Thursday, October 14, 2010

Musicspeak: Bach and Iron Maiden, part IIc

The original post of this series segued from a discussion of one person's definition of art music to whether the definition worked for fiction.

The second post examined the assumptions and provided examples of how labels might be useful.

In the third post
, I asked for your responses to different genres.

In this, the last post of the series, I am revisiting the question of whether the definition given by John Steinmetz to art music--art music is the type of music that rewards knowledge, experience, and attention. (again, paraphrase mine)--works for fiction.

I don't think it works as well.

The reason is that the language of music is not something we use regularly. I don't argue with my husband in arias. I don't play the piano to my friends over the phone to invite them over
for dinner.
(Hmm, but doesn't that sound like a cool premise for a story?)

But English is something I use all the time. I do argue with my husband in English, and I do invite people to come to dinner by speaking English. People, with the exception of musical geniuses, have a stronger grasp of their primary language than they do the language o
f music. Therefore it is easier to read books that carry deep messages than it is to comprehend musical compositions that do the same thing.

I've read books that are easy to read that have touched me deeply. I have read many that rewarded me only after many hours of mindful reading. Then there are those books that are easy to read and easy to forget, as well as those that are difficult to read but offer no reward. This is probably true of most readers' experiences.

I will say, however, a large majority of the books that made me work hard have been worth the time and effort.

I suspect that this is the case with me because the "difficult" books that I didn't give up on had something that drew me in, even when I preferred to be lazy and give up on them. With whatever little bit that I'd read, I became aware of something deeper, something worthwhile; and I became convinced that a more engaged reading would allow me discover it. And so I was willing to pay my dues. By reading with a great deal more attention, these experiences became much richer.

Some books don't require much attention at all, and not being a brain scientist (Livia, if you are reading this, I'd love to hear you chime in) I can't say if this type of fast, almost skimming type of reading, in fact, doesn't engage as much of the brain, and therefore can leave only minimal impact.

Now before you start protesting, I want to state here that I am fully aware that some writing is smooth and is easy to read because of the skill and talent of the authors. I am *not* making a stand that says all difficult books are good and all easy books are fluff.

Anyway, I am approaching brain-fatigue point for this discussion. I hope you aren't. But if you are, I'd like to make it up to you by sharing these clips of music.

This first one is an example of how musical groups previously considered unrelated can in fact, share a lot of commonality: (Thanks, John, for sharing this link.)

Vivaldi and At Vance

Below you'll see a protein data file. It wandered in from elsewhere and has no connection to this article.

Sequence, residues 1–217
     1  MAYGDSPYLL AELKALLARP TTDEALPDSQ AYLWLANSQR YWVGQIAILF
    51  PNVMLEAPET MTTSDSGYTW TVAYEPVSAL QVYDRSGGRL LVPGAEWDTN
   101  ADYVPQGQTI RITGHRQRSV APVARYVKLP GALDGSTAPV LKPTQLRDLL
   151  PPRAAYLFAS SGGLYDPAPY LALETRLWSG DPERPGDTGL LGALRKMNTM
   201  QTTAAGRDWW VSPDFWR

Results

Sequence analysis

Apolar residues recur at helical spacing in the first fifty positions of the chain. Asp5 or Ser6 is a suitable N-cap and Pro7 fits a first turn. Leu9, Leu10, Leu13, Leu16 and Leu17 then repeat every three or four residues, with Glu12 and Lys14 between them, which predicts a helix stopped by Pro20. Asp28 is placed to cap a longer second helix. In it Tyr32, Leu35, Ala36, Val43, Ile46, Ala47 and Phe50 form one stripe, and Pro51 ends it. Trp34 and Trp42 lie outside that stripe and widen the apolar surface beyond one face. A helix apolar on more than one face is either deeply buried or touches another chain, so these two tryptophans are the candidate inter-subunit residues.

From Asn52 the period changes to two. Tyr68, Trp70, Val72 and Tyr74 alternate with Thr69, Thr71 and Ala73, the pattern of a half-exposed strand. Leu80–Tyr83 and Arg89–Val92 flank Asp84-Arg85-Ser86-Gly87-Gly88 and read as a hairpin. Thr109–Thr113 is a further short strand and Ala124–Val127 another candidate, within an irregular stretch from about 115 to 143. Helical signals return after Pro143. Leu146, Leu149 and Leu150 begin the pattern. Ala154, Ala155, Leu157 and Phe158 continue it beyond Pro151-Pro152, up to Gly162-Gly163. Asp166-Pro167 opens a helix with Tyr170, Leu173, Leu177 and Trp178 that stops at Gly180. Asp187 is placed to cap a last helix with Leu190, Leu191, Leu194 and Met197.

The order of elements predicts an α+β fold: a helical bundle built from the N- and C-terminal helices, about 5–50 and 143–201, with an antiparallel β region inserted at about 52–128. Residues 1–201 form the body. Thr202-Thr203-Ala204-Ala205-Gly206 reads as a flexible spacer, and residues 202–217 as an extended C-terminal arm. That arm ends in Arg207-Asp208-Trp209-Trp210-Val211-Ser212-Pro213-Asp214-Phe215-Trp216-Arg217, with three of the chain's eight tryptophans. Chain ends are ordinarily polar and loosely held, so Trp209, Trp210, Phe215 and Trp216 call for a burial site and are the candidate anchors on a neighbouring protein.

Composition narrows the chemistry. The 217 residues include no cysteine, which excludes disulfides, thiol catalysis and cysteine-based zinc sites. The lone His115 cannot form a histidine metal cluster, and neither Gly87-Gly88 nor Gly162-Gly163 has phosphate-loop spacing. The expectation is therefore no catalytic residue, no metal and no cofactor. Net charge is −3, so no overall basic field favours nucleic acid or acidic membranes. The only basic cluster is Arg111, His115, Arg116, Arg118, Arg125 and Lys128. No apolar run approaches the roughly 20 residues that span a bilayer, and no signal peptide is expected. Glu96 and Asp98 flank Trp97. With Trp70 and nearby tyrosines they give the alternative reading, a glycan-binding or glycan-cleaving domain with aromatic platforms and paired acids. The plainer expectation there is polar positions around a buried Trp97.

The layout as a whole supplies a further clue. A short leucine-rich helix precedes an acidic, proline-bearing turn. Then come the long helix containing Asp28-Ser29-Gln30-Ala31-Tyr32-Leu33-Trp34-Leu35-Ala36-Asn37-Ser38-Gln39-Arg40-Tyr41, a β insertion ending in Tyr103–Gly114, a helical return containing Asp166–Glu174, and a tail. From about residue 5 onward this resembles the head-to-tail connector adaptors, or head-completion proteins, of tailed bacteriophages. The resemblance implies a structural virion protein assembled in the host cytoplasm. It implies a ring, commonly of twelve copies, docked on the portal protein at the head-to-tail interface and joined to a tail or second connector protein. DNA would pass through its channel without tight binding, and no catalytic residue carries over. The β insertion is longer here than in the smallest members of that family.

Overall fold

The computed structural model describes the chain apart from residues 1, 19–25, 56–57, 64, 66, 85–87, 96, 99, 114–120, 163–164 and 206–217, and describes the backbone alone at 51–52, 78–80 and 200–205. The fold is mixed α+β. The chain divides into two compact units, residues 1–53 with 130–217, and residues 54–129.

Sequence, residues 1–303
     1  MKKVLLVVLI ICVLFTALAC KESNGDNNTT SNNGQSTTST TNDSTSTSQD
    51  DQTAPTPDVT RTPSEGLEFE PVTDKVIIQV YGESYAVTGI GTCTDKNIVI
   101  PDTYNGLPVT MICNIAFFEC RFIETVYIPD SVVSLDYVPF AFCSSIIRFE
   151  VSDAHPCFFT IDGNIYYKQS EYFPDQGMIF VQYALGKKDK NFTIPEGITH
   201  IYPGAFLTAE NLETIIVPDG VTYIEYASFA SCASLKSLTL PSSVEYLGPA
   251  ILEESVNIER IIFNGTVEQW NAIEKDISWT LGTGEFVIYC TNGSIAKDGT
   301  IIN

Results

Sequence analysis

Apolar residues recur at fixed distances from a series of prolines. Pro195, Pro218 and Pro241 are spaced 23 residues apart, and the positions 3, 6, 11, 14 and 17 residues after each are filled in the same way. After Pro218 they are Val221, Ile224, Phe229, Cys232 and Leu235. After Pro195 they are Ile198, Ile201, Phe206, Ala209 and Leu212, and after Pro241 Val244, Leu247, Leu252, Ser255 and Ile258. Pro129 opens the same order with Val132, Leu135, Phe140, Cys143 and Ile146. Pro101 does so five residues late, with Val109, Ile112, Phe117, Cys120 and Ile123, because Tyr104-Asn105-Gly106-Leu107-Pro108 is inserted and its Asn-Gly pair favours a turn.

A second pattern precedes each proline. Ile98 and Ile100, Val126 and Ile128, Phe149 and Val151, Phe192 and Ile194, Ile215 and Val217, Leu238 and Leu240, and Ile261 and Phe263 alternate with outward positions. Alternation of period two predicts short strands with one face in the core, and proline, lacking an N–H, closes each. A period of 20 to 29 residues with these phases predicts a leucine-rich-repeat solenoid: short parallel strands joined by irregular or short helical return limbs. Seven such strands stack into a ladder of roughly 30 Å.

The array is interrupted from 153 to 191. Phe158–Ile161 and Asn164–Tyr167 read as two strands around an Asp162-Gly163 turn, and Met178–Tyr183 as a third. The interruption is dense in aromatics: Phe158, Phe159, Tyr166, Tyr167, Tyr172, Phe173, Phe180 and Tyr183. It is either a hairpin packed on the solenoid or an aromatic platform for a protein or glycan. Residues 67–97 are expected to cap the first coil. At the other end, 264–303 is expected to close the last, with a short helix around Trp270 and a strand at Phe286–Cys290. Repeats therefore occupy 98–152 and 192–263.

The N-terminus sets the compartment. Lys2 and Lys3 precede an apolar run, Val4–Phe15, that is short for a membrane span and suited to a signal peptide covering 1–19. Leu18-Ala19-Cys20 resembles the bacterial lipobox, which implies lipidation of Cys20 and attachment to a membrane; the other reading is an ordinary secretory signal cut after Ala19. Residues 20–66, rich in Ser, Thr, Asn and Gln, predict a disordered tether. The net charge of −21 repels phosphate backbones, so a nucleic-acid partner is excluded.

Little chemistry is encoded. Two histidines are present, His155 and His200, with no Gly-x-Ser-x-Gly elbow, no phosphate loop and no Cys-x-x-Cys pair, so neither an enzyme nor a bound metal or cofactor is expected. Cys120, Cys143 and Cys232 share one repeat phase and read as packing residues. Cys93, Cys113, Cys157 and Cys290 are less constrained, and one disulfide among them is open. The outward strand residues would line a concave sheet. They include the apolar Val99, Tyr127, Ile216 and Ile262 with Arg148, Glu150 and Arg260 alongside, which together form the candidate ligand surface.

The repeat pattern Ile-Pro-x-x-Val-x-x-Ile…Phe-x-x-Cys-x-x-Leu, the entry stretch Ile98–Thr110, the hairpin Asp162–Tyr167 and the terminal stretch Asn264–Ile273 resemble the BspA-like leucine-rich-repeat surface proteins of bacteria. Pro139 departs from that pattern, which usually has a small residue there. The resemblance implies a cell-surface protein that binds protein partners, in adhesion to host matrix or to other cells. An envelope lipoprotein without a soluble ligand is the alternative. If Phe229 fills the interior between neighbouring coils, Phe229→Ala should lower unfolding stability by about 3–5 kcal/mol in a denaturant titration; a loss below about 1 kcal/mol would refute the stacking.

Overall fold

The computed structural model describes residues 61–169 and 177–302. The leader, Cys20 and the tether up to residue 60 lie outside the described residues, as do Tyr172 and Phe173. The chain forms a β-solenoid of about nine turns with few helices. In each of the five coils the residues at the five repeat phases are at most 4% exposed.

If you've taken piano lessons, you may have played this piece, but I'll bet you've not heard it performed like this:
CPE Bach's Solfegietto

A classically trained violinist and a metal guitarist exhibiting high levels of technique:
Violinist and metal guitarist


Samantha Vérant said...

Just like music books have to suit your mood. Sometimes you want a quick read. Sometimes you want to be transported. Sometimes you want to learn.

lotusgirl said...

Cool samples. I played Solfegietto in high school. This version was fun. I agree with Samantha. Our reading suits our mood.

C. N. Nevets said...

I'm pondering pretty closely, Yat-Yee. I feel like there's something I want to say, but I can't quite get my head around it.

It sort of feels like Rhapsody in Blue or Brandford Marsalis' version of Crepuscule with Nellie, though.

Yat-Yee said...

Samantha: Welcome to my blog! And yes, mood definitely plays into our choices.

Lotusgirl: I knew there would be at least one pianist who would remember it! It's a wonderful piece, and I only wish my students could have played with the same technical competence and vibrant energy.

Nevets: What feels like Rhapsody is Blue? Your pondering? I hope you come back to put your thoughts down. I know that feeling of wanting to say something but the thoughts are still in the oven, baking.

C. N. Nevets said...

I'm not entirely sure, but I think this is what I'm trying to think of. (Surely you fellow artists can appreciate the experience of trying to think of what you're trying to think of.)

I think it comes down to what element you're considering to be language. It seems natural to say that the language of writing is English (or the language in which it is written). That seems almost obvious.

However, I'm not sure that's the language of literature, or craft writing, or verbal art or however you prefer to think of writing that is more than utilitarian.

I think the language of literature is structure, form, and symbolism. It is idiom and reference and implication. It is the meaning behind, beneath, and beyond the words that is the true language of literature.

Yes, this is inseparable from the linguistic expression, just as the language of music is not really notes and rests -- but that makes them tied, not inseparable.

I think it's at this higher level of language that one encounters art writing, just as art music.